A vacant home for sale is pictured in Yonkers
A vacant home for sale is pictured in Yonkers, New York, October 26, 2010. REUTERS

The Justice Department issued civil subpoenas to 11 financial institutions as part of a new effort to investigate misconduct in the packaging and sale of home loans to investors, Attorney General Eric Holder said on Friday.

Holder declined to provide specifics, including the names of the firms.

We are wasting no time in aggressively pursuing any and all leads, Holder said at a news conference announcing details of a new working group to investigate misconduct in the residential mortgage-backed securities (RMBS) market, you can expect more to follow.

President Barack Obama said he directed Holder to create the new unit in his State of the Union speech late Tuesday, saying it was needed to help turn the page on an era of recklessness.

On Friday a slew of federal and state officials appeared at the news conference to provide details about the new group.

Housed within an earlier financial fraud task force that Obama created in 2009, it is expected to be staffed with around 50 attorneys, analysts and agents, officials said.

Some skeptics have questioned whether the new group is largely a political move because the other fraud task force already exists.

Also, the Obama administration has received heat from left-leaning activist groups that believe a separate effort to investigate misconduct in processing foreclosures and servicing home loans may not be rigorous enough to extract a meaningful settlement.

In exchange for providing up to $25 billion in housing relief, much in the form of cutting mortgage debt for distressed borrowers, the top U.S. banks are expected to put behind them government lawsuits about lending and servicing abuses - but not securitization claims.

The banks involved in the discussions include Bank of America, Wells Fargo & Co, JPMorgan Chase & Co, Citigroup and Ally Financial Inc.

Those talks have dragged into their second year as some states, including California and New York, criticized the direction of the negotiations and said the proposed settlement would release the banks from too many claims.

The deal appears to be getting closer, with last-ditch efforts to lure the hold-out states to join.

California has said it still has reservations about the deal, but California Attorney General Kamala Harris has met in recent weeks with federal officials in Washington to discuss her concerns about the settlement, people familiar with the matter said.

The attorney general in New York, Eric Schneiderman, was named as a co-chair of the new working group, prompting speculation that the position was partly aimed at persuading him to join the settlement.

In an interview with Reuters, Schneiderman said: The releases have become narrow enough so that I'm confident a full investigation can go forward. Asked if he was signing on, he said, Not yet, because other issues are still outstanding.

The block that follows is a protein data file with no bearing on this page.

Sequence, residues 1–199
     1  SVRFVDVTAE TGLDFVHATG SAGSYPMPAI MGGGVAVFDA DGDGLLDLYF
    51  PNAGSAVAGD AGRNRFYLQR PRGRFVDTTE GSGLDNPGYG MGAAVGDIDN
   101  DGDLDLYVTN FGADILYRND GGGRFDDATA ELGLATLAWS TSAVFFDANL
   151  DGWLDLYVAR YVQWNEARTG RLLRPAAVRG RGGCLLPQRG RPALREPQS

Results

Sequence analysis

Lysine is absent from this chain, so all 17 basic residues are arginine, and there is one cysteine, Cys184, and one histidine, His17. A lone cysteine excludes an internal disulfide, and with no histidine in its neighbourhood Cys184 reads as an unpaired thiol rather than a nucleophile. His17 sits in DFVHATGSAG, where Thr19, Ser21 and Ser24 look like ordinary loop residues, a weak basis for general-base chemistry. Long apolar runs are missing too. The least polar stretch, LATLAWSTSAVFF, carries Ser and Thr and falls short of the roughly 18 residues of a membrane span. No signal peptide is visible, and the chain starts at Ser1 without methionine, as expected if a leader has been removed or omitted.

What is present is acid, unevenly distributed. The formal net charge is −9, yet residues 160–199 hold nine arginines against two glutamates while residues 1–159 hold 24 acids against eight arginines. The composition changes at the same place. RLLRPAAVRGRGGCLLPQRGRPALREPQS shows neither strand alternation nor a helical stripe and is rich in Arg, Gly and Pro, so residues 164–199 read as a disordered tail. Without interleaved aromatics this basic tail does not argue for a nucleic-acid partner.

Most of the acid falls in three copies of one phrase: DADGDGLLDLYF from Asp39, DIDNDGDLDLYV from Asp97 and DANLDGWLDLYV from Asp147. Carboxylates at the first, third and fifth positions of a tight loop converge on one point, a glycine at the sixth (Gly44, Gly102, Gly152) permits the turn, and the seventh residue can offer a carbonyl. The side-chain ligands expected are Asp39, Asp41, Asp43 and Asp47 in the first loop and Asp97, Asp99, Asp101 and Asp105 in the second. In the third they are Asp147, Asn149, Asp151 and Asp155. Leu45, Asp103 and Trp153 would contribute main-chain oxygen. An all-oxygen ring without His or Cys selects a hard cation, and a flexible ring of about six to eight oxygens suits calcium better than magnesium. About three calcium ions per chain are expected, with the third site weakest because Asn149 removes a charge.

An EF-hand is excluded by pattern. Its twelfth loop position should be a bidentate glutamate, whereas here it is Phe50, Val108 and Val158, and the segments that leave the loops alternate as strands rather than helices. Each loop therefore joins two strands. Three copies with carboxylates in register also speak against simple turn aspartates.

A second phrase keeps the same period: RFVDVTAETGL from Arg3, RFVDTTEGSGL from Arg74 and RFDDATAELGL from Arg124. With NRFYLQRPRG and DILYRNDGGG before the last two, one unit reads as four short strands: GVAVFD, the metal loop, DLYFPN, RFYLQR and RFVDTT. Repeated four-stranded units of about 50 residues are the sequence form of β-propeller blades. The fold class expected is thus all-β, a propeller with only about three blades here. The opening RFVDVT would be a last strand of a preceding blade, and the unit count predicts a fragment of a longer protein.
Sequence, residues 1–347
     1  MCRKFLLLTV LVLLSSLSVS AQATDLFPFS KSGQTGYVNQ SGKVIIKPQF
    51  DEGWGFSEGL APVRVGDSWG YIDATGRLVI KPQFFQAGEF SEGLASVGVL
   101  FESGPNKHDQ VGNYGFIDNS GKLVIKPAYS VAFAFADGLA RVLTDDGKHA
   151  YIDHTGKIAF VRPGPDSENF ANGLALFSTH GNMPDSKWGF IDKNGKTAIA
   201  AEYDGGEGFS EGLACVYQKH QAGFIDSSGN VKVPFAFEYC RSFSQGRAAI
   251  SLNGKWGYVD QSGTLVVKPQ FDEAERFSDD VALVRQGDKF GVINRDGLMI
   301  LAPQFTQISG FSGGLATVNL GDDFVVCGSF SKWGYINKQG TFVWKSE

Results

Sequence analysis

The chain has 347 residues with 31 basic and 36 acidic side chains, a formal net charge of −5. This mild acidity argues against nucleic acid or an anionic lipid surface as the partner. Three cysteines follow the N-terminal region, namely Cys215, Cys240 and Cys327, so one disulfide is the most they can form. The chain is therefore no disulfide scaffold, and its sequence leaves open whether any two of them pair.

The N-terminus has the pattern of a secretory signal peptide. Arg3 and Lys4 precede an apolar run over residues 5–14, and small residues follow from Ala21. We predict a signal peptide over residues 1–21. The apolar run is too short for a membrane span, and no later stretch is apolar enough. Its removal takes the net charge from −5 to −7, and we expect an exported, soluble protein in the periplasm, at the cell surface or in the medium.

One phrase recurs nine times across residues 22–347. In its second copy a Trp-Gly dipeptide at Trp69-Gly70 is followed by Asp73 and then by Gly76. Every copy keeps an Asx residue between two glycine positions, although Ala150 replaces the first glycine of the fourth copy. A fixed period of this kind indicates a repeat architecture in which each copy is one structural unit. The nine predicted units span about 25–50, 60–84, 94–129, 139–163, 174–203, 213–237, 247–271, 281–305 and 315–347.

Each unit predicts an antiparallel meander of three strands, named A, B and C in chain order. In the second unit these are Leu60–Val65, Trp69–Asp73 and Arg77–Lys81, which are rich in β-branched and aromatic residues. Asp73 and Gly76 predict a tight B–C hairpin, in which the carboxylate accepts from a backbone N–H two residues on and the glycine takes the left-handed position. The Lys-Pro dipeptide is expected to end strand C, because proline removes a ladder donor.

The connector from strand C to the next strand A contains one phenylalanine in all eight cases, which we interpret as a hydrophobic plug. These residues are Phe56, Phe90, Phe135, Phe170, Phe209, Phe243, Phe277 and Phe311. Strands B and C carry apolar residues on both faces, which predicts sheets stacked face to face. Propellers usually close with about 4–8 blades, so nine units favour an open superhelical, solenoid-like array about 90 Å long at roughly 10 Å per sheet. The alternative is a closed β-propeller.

At the news conference, U.S. Housing and Urban Development Secretary Shaun Donovan also said that the multistate deal will not prevent the working group from pursuing its own claims about the securitization of home loans.

We would not be standing here today if we weren't absolutely confident that the releases that are being contemplated were quite narrow, focused on the conduct that was actually investigated, Donovan said.

There will be concrete actions taken in the next few weeks to confirm we're serious, Schneiderman added in the interview.

Exactly what the new group will tackle is unclear, since the construction and sale of mortgage securities is already the subject of massive government and private lawsuits.

The simple fact is that this is an election year, and politics will inevitably play a role in every aspect of what is at its core a superfluous investigation, said Richard Gottlieb, who heads the financial industry group at the law firm Dykema.

Others have already done the leg work, the lawsuits have already been filed, and the courts will already be deciding these issues, said Gottlieb.

The Federal Housing Finance Agency, for example, which oversees Fannie Mae and Freddie Mac, sued 17 large banks last September over losses on about $200 billion of subprime bonds and said the underlying mortgages did not meet investors' criteria.

Speaking at the news conference, U.S. Securities and Exchange Commission enforcement director Robert Khuzami said his agency has already reviewed 25 million pages of documents on related investigations.

To be clear, investigations into RMBS offerings have been ongoing at the SEC, Khuzami said.

Holder said the Justice Department had discussed the subpoenas with the SEC, and said the new requests do not duplicate earlier efforts from the SEC.

He also responded to criticism that federal enforcers have brought few marquee cases in the aftermath of the financial crisis. Holder said the department has brought around 2,100 mortgage-related cases.

The notion that there has been inactivity over the course of the last three years is belied by a troublesome little thing called facts, Holder said.

Several top banks, including Bank of America, Citigroup, JPMorgan, RBS Americas and Deutsche Bank, declined to comment when contacted by Reuters about the new working group's efforts.

(Reporting By Aruna Viswanatha and Jim Vicini in Washington, D.C. and Karen Freifeld in New York; Editing by Tim Dobbyn and Matthew Lewis)